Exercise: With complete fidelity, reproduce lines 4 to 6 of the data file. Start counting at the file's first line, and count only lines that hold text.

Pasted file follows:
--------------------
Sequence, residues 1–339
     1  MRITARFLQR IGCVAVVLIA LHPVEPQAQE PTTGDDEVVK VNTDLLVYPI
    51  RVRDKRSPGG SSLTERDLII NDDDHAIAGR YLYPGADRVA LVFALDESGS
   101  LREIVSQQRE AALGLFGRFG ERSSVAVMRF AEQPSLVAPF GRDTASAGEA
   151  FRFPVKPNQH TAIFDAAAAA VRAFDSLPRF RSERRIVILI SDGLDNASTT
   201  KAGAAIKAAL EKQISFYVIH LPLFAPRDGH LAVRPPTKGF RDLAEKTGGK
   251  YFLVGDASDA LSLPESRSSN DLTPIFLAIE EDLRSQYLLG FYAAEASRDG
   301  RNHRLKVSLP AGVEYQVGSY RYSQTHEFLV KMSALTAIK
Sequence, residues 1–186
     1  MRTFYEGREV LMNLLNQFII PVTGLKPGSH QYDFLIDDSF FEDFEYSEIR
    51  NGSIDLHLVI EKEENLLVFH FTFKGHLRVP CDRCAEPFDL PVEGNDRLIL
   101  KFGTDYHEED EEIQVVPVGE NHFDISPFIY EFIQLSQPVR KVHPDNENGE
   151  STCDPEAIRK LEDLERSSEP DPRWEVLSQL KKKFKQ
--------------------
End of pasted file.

   101  LREIVSQQRE AALGLFGRFG ERSSVAVMRF AEQPSLVAPF GRDTASAGEA
   151  FRFPVKPNQH TAIFDAAAAA VRAFDSLPRF RSERRIVILI SDGLDNASTT
   201  KAGAAIKAAL EKQISFYVIH LPLFAPRDGH LAVRPPTKGF RDLAEKTGGK